Srinagar: The lingering shadow of last year’s uprising and the continuing rush of people to rescue besieged militants is not the only reason for low-key campaigning for parliamentary by-polls, especially in Srinagar. The political parties are just not ready.
This is illustrated by the fact that no major public rally or roadshow has been held so far even as elections are barely a week away. Take for instance the Eidgah constituency’s Noor Bagh neighbourhood, where almost all the major political parties held public conventions during 2014 assembly polls. This year, not one rally has been held.
The slack electioneering is being attributed to lack of preparedness and the “sudden” poll announcement by Election Commission of India on March 10. Polls are scheduled on April 9 and 12, which has given the political parties a month for campaigning, but it is being called “too little”.
NC provincial secretary Showkat Ahmad Mir says that rallies need preparations that require more than a month’s time.
Mir, who is chief election agent of the NC’s Srinagar nominee Farooq Abdullah, said that for public rallies, a political party has to first hold Halqa-level, block-level, and district-level meetings. In other words, public rallies require preparation at the grassroots level, which is missing because of the “sudden” poll announcement.
Currently, closed-door election meetings are being held in the interiors of old Srinagar city where political workers and supporters meet in a hush-hush manner. “Once such meetings are over, only then a public rally in which star campaigners or senior leaders address people will be held,” said Mir.
Both the PDP and NC have planned to hold public rallies this week in Srinagar but the venues have not been declared yet because of security reasons.
NC chief spokesperson Junaid Mattu admitted that a month for campaigning was insufficient. “It is a snap poll. It is something we are not satisfied with, and there is lot of alienation as the situation is not normal,” he told Kashmir Reader at the party headquarters.
PDP leader and in charge of Srinagar parliamentary constituency, Imran Raza Ansari, called the by-polls as “unwarranted” as people were in no mood for elections.
He said the polls were being held on short notice and the parties are resorting to “cautious campaigning”. He said that his party is holding election meetings in a confidential manner to avoid any trouble. “A lot of elements and agencies are working against the elections. We are holding meetings covertly,” Ansari told Kashmir Reader.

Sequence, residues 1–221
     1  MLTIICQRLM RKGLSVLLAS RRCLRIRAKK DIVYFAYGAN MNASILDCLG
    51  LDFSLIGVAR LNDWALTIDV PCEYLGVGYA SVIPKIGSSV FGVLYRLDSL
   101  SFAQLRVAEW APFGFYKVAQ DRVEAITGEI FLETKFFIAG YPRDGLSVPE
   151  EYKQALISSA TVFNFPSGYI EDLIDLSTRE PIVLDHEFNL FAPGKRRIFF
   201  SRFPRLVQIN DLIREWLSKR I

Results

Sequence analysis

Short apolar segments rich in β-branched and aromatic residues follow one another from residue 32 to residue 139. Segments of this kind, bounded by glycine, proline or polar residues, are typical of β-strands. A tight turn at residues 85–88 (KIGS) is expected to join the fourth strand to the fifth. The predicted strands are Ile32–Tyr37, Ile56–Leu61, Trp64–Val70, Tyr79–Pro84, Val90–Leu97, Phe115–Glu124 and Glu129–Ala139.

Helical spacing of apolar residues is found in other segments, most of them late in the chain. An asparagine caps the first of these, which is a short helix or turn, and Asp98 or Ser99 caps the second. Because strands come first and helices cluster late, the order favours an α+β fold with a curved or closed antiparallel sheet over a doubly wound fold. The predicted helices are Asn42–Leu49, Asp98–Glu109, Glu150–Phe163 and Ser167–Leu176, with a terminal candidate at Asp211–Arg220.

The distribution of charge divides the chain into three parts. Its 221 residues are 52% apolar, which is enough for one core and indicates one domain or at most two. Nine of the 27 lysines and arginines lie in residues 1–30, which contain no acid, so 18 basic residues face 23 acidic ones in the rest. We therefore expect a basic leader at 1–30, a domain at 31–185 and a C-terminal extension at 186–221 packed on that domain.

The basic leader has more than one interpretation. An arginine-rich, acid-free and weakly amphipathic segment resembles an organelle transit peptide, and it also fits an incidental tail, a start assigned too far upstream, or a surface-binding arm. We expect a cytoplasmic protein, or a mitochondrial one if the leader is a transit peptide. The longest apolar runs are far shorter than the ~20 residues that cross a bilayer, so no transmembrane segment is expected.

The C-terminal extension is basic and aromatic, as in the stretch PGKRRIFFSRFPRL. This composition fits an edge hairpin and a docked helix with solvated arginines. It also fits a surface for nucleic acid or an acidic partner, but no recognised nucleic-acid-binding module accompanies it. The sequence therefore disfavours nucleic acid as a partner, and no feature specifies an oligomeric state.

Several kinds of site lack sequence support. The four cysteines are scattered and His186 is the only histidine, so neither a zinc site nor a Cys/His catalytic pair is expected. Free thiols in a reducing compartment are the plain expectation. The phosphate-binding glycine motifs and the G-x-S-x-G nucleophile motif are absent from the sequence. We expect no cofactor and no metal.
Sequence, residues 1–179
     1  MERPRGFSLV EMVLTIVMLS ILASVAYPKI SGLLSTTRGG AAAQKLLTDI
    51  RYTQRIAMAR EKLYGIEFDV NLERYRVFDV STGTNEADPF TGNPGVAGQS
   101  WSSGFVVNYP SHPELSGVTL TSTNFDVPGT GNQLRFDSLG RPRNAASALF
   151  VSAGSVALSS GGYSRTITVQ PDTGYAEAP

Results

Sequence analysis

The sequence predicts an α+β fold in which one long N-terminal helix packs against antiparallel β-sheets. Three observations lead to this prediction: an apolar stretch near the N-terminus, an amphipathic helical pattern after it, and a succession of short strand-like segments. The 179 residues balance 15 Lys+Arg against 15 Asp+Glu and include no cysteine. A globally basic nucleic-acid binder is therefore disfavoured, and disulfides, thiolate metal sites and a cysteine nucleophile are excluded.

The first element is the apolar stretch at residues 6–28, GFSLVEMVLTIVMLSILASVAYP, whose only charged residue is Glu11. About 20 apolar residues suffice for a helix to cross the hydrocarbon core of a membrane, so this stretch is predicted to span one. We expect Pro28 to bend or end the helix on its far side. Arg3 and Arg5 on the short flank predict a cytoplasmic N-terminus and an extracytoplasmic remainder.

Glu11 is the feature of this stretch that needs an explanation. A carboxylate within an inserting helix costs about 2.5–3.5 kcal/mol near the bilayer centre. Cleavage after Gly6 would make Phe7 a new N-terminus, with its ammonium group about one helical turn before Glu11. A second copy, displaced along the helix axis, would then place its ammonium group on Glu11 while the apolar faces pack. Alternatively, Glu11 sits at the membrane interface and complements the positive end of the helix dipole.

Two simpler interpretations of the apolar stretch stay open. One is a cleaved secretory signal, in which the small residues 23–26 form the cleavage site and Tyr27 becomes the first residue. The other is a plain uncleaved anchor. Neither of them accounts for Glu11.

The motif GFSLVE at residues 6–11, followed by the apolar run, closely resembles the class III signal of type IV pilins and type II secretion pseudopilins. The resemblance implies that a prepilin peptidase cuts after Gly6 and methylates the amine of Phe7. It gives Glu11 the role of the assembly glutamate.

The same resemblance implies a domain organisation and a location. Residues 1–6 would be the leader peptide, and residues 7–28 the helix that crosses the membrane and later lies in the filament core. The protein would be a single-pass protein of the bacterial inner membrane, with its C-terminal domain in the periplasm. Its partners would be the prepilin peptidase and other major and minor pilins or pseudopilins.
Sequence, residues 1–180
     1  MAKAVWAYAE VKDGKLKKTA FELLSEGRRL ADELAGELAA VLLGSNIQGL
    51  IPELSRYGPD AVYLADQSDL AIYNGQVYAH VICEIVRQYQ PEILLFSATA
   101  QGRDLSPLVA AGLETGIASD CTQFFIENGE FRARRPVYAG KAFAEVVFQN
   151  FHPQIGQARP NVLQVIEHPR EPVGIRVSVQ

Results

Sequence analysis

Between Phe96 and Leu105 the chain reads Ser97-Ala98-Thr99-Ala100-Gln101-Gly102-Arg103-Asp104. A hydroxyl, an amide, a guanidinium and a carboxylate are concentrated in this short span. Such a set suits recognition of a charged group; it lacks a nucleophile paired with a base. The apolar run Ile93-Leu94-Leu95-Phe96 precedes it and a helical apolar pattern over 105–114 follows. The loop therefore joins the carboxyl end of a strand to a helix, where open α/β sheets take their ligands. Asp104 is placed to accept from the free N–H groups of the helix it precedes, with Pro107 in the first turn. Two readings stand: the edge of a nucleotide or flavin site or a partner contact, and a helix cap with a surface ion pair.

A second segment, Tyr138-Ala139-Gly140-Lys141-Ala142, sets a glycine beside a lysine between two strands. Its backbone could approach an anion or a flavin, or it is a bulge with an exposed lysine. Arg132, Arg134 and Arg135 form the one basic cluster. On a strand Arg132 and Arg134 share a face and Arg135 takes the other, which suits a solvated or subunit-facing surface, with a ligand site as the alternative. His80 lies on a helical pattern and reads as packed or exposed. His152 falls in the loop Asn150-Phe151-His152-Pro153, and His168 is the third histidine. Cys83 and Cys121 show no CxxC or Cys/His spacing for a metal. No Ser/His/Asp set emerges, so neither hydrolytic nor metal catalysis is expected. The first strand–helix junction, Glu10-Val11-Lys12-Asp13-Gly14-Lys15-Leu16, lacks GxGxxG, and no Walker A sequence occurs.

Even amid this underground or covert electioneering, party workers are not afraid of casting their votes.
In a Nawa Kadal neighbourhood, about a dozen workers of a political party were discussing campaign strategy. “We have always voted to pick our numayinda (candidate). But we lack time for organising rallies, which is giving the impression that we fear the threats issued against us,” said a middle-aged worker on condition of anonymity.
A PDP activist in Khanyar assembly constituency, who attributed the slack campaigning to “unexpected announcement of the poll dates”, asked, “Do you see any police guards protecting me?” He said the problem is that political parties have not got ample time for canvassing, which is why polls lack enthusiasm.
The apprehension of party workers being attacked appears to be exaggerated. Internally, people who might have foiled such meetings have an understanding with the political workers in several parts of the city. Take for instance Khanyar, Habba Kadal and Safa Kadal, where several youth whom this reporter met who had been jailed for stone-throwing or protests, said they tacitly support the pro-India politicians. “We don’t vote. But we won’t spoil their show, too. We have to maintain liaison with them. They help in securing our release or if we get calls from police,” said a group of youths who had served detentions even under the Public Safety Act.
Mainstream political parties have also forged a new alliance with the electorate through social media. Both the PDP and NC have adopted Whatsapp groups to reach out to people, especially to youth. “We are connected with thousands of youth,” NC’s Junaid said.